“For example, if a parent thinks a child is capable of greater self-control than he actually is, it can lead to frustration for the parent and possibly more punitive – rather than supportive – responses.”
“Are You Expecting Too Much From Your Toddler?“ an article featured on Parents.com highlighted several key points from the survey, beginning with findings of parental expectations:
- 56 percent of parents believe kids have the impulse control to resist the desire to do something forbidden before age 3.
- 36 percent believe that kids under age 2 have this kind of self-control.
- 43 percent of parents think kids are able to share and take turns with other kids before age 2.
- 24 percent of parents believe kids have the ability to control their emotions, like resisting tantrums when they’re frustrated, at 1 year or younger.
- 42 percent believe kids have this ability by 2 years.
It also emphasize some facts when it comes to child development:
- Self- control actually develops between 3½ and 4 years, and takes even more years to be used consistently.
- Sharing skills develop between 3 to 4 years.
- Emotional control also won’t develop until between 3½ and 4 years.
Mehmed thinks it’s important for parents, caregivers and all you judgmental Target shoppers to remember that parenting in the early years is more about teaching than discipline:
“The early years are about teaching, not punishing. When parents have realistic expectations about their child’s capabilities, they can guide behavior in very sensitive and effective ways.”
Does this mean I will be getting the bulk order of Skittles from BJ’s because I now know my child is biologically incapable of self-control when she can’t have what she wants? Absolutely not, but it does make me empathize not only a little more with those raising toddlers, but also my toddler herself. Life is hard enough when you’re an adult who has lived a little life to know that things aren’t always fair and you can’t always get what you want. Imagine when you’ve only been on this Earth for a few years and you’re making sense of all of that for the first time. In addition it’s difficult for you to find the words to express you’re pissed, you’re disappointed and you just don’t understand why you can’t wear your winter coat to bed. So the next time you find yourself about to “shush” your sister’s toddler, your friend’s three-year-old or the pre-schooler of some random person on the train who is going ape s**t, remind yourself: Toddlers can’t control their inner a**hole, you however have had years to perfect controlling your own.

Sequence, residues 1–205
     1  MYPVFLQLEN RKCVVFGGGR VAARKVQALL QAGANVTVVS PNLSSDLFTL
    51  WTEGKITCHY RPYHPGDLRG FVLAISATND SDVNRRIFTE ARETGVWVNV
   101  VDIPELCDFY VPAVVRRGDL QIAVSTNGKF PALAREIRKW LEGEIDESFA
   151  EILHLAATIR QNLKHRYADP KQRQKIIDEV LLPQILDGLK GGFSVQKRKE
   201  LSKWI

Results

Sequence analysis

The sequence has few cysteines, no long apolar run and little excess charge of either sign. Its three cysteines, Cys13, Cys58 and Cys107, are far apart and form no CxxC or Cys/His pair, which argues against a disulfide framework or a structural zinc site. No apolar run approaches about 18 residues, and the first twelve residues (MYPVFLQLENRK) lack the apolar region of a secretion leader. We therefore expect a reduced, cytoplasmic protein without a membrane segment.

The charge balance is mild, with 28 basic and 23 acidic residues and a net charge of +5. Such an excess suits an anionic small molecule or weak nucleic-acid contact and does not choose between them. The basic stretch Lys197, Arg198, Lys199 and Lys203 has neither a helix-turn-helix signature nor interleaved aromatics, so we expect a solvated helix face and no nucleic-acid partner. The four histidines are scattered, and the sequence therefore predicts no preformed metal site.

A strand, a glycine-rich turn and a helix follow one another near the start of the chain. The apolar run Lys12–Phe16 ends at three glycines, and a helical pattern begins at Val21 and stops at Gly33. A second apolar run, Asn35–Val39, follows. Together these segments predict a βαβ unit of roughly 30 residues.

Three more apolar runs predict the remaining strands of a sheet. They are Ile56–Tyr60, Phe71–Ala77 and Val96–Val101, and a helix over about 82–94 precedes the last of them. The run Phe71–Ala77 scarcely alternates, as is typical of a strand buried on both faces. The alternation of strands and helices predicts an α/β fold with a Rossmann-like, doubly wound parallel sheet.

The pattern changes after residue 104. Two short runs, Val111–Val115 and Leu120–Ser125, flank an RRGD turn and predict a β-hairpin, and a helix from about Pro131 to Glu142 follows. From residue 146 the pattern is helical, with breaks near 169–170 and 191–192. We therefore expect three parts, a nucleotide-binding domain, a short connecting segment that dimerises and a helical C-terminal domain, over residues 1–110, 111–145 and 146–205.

Have you ever been “parent-shamed” for your toddler’s behavior in public? How do you handle your child’s meltdowns?
Images via Bigstock
Toya Sharee is a Health Resource Specialist who has a passion for helping young women build their self-esteem and make well-informed choices about their sexual health. She also advocates for women’s reproductive rights and blogs about everything from beauty to love and relationships. Follow her on Twitter @TheTrueTSharee or visit her blog, Bullets and Blessings.